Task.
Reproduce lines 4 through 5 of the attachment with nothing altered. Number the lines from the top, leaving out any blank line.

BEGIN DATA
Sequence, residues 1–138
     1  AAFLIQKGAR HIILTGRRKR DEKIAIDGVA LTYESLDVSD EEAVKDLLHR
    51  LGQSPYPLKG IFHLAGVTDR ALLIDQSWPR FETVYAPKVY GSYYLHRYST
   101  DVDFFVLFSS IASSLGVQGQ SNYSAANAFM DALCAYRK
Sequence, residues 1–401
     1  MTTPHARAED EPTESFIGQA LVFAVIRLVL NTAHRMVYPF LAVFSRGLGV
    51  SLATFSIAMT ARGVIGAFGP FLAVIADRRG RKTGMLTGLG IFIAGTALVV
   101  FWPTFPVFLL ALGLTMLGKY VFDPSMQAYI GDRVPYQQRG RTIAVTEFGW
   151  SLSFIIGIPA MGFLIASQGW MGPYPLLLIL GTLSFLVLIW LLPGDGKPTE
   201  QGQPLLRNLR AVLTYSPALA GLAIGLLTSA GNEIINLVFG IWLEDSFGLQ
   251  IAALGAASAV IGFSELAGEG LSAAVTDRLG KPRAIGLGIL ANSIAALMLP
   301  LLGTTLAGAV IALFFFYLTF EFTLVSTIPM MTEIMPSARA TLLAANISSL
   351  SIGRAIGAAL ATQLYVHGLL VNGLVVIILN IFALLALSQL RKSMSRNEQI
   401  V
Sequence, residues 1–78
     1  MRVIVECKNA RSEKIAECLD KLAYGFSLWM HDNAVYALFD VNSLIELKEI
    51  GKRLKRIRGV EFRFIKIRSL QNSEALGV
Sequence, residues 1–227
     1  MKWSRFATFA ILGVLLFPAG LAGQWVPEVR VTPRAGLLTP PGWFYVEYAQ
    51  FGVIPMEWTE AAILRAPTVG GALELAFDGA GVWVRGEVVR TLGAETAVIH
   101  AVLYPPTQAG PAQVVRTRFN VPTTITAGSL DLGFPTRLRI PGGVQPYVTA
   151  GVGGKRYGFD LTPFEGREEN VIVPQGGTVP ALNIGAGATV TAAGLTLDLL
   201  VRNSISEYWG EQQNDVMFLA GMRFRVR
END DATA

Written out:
   101  DVDFFVLFSS IASSLGVQGQ SNYSAANAFM DALCAYRK
Sequence, residues 1–401